Everything that can go wrong for Ray Wentworth (Bob Odenkirk) already has in GIRLFRIEND'S DAY. His wife has left him, leading him to a terrible case of Writer's Block -- which, as the "Bill Shakespeare" of the greeting card industry, has proven to be disastrous. Now as a direct result of the Writer's Block, he's been fired and can't pay his rent. And making everything completely hopeless is the fact that he's depressed, and becoming dependent on alcohol. Having fun yet? No worries, things are about to get worse. California's governor has issued a proclamation declaring an annual "Girlfriend's Day," and offering a large cash prize for the best original FIRST greeting card for the occasion. So, when Ray's old boss offers him a secret deal to write that first card, and when he meets Jill (Amber Tamblyn) an attractive greeting card "groupie," in a local book store, Ray thinks things are at last looking up. That is, until he finds a competitor writhing on the floor of his office building -- stabbed, bloody, and dying. From there Ray is caught in a tangled web of lies, threats, encounters with a crooked cop, and self-hatred that doesn't let up. It's only a matter of time before Ray will either have to shake loose from the mess that his life has become or succumb to the forces of evil that surround him.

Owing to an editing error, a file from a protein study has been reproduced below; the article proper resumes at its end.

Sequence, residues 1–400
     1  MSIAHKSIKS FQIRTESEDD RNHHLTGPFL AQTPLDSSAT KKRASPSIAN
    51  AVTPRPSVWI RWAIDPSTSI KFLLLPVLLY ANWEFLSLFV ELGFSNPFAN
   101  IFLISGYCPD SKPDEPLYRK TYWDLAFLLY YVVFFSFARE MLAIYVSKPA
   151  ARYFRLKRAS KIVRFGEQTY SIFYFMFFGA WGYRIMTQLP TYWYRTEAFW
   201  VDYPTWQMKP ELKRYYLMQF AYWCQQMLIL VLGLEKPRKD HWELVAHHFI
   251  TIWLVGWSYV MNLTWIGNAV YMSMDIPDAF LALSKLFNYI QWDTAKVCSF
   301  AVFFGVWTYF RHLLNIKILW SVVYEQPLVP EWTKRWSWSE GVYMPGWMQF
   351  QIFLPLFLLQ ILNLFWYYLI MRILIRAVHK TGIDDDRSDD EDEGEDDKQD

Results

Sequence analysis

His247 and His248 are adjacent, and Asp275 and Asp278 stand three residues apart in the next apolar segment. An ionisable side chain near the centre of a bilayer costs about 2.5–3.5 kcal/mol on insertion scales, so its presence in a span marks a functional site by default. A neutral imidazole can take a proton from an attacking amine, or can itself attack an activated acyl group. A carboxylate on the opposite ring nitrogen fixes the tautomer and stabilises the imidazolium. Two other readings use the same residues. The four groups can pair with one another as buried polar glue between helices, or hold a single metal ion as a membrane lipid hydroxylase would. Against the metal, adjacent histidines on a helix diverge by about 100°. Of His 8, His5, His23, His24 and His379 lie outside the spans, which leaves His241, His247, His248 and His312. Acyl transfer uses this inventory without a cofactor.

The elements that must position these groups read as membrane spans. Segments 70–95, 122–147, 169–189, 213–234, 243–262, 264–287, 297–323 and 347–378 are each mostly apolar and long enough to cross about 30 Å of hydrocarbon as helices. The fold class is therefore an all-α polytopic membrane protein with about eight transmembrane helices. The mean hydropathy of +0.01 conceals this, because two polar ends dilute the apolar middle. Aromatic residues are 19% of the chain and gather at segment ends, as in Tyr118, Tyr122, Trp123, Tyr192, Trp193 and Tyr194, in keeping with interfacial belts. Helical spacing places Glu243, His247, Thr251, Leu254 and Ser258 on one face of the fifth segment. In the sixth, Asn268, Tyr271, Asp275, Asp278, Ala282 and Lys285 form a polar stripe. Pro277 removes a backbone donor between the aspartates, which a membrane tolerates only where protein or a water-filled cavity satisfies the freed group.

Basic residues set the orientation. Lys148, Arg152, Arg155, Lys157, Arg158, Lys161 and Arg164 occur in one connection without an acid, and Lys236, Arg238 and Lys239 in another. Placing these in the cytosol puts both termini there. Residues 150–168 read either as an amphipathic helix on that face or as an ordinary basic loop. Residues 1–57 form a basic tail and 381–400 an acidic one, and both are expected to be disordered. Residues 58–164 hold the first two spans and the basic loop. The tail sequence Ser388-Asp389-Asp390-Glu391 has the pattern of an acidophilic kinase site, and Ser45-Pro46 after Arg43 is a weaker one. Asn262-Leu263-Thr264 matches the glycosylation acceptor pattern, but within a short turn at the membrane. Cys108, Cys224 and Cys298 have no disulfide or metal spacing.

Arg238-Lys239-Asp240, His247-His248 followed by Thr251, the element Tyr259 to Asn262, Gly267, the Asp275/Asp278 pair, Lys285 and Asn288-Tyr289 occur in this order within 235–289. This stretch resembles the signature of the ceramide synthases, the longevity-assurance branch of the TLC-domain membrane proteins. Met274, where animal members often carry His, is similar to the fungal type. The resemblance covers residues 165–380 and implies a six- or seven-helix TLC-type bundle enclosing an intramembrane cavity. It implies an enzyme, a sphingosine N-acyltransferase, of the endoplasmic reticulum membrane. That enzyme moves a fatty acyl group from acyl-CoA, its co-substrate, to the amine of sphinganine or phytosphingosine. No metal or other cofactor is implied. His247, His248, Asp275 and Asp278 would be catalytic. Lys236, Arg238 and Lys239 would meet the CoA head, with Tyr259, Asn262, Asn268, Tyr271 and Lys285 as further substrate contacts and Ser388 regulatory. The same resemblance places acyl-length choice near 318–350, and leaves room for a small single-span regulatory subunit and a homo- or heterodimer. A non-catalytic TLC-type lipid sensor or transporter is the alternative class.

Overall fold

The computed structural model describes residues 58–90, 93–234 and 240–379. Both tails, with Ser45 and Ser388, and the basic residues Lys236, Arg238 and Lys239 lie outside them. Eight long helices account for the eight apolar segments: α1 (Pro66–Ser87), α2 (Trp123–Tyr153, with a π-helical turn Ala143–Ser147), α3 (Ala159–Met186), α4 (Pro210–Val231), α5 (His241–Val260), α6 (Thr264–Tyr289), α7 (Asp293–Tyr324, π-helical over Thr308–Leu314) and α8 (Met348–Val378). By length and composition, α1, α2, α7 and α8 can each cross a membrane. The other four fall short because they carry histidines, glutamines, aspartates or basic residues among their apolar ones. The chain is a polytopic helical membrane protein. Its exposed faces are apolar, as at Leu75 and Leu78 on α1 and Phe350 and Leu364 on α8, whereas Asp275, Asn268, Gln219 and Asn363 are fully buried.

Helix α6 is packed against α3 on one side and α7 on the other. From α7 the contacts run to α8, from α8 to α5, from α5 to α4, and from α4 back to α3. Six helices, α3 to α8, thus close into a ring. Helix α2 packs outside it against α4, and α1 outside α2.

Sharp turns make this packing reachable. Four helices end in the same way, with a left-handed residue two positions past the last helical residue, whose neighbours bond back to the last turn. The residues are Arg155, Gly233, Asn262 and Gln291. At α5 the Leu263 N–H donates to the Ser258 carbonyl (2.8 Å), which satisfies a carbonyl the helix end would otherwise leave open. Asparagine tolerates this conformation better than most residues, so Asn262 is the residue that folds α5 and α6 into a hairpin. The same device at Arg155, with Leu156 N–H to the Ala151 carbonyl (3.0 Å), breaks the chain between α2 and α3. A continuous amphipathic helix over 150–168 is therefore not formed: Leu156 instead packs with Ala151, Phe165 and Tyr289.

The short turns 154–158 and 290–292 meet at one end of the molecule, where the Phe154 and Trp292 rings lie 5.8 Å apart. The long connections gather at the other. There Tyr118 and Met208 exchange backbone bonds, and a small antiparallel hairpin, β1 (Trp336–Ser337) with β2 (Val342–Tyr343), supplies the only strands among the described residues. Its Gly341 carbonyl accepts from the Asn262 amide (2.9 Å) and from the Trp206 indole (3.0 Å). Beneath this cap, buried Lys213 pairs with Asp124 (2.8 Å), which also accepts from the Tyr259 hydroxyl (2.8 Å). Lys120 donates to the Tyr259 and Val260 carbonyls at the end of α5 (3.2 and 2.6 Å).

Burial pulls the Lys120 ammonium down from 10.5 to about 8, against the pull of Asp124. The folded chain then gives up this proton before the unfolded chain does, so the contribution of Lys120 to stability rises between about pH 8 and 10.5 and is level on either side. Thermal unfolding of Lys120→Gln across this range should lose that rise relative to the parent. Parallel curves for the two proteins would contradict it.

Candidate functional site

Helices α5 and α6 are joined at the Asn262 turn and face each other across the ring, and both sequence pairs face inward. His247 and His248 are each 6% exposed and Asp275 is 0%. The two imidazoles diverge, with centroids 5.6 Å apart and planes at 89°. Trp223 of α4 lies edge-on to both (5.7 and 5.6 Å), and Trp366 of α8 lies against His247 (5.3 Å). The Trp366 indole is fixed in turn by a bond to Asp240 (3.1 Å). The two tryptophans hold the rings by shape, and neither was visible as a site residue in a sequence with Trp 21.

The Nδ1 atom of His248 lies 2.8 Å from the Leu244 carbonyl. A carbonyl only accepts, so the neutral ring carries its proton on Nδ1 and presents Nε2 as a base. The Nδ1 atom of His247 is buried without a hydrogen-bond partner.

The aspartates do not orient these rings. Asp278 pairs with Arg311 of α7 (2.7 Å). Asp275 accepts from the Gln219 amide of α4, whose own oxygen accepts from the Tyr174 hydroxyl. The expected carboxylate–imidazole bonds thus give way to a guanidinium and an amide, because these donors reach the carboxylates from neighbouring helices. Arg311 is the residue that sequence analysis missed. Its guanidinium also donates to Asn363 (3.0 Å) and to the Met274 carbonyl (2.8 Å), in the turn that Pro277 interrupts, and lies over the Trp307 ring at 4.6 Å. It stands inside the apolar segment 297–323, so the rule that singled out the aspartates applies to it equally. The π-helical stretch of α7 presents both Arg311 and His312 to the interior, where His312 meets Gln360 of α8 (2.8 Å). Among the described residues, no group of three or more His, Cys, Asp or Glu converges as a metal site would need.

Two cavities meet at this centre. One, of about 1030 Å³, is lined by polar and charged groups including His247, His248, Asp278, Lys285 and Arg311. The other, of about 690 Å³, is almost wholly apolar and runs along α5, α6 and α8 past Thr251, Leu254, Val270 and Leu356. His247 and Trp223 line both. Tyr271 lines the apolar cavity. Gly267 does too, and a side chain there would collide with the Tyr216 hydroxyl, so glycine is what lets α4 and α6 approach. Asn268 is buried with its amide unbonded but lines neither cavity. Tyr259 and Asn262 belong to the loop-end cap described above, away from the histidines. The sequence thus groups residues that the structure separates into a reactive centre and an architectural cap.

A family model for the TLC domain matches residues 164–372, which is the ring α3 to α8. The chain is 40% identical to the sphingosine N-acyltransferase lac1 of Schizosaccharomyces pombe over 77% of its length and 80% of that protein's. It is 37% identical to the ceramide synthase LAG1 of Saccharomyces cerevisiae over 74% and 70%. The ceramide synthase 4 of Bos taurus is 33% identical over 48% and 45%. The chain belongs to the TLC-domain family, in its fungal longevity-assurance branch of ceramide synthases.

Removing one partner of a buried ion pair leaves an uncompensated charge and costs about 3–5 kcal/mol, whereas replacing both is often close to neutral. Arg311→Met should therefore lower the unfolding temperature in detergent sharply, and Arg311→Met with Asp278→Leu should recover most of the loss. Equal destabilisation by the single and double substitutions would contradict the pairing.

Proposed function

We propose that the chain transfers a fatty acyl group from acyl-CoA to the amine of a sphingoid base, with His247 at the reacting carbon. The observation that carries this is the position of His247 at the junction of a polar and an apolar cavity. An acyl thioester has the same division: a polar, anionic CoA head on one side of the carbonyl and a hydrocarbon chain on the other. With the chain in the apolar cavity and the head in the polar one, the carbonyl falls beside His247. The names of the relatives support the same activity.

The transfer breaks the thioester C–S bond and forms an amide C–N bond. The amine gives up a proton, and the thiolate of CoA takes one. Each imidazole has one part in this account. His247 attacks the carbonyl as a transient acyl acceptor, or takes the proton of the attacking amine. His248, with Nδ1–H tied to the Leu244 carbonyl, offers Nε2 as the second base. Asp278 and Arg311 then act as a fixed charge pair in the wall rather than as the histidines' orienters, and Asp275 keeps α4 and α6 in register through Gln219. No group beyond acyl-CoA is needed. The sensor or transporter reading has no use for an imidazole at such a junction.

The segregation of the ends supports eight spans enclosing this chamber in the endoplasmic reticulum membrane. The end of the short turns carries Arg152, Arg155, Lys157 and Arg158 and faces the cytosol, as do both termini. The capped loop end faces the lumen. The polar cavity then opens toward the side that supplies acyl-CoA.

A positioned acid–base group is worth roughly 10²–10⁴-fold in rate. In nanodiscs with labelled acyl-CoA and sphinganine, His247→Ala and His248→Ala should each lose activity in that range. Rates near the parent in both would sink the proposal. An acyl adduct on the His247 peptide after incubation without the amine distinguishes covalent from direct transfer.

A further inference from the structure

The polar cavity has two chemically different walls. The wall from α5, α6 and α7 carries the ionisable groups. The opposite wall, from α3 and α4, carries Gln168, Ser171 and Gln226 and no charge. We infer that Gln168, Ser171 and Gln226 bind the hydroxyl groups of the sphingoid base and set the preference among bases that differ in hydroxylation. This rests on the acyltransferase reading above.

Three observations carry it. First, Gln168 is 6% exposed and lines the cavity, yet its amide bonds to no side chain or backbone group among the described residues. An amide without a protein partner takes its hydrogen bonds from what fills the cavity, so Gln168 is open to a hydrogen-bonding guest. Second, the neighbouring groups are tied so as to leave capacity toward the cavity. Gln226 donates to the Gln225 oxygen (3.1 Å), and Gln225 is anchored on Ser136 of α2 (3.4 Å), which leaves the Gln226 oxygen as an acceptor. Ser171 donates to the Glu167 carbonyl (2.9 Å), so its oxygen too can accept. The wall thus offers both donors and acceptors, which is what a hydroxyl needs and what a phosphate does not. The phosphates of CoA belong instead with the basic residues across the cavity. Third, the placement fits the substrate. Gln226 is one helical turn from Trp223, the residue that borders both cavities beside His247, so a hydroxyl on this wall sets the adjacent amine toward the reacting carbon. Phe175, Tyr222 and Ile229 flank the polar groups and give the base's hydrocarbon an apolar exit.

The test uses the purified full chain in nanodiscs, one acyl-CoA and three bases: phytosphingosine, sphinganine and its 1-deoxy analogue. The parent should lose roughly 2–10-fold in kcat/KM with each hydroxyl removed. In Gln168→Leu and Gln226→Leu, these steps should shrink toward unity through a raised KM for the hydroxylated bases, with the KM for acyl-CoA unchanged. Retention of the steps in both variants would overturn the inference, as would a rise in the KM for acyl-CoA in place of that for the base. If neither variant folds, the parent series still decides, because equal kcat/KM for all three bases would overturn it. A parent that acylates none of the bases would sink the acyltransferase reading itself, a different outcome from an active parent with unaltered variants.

Is it any good?

Just when you think you're watching a dour comic commentary on the war on depression and creative failure, blink an eye and suddenly you're in a maelstrom of murder, deceit, and greeting card mania. You have to admire the Netflix executives. They're willing to take chances, and their subscribers must be willing to let them. Girlfriend's Day is an example of that kind of risk-taking. Working from a script that spent decades on the computers of its writers, with a documentary director making his first full-length fictional film, and a cast of talented performers, the film is a quirky, darkly comic homage to an iconic genre. Does it work? Not so much. It's too silly, too grisly, and has too much gratuitous profanity and tasteless sketch comedy (the "Bum Fights" TV show and ex-racist thugs are over the top). And while the events around the sad-sack hero change, he doesn't. The movie may find its audience -- older teens and adults with an affinity for grim, deadpan humor and the very appealing Bob Odenkirk. It's not for kids.

Talk to your kids about ...

  • Families can talk about the impact of movie violence when it's intended to be exaggerated and comical. What feelings does the violence in Girlfriend's Day evoke? Do you laugh, or are you thrown off balance by the cartoon brutality? How does your response differ when on-screen violence is played for real?

  • Look up the term: film noir. How does this film fit the definition of the film noir genre, which reached its pinnacle in the mid-20th century?

  • Now check out the meaning of film parody (or spoof). How does this movie fit the definition of parody? Do you think the two genres work well together here? Why or why not?

Movie details

Our editors recommend

For kids who love dramas

Themes & Topics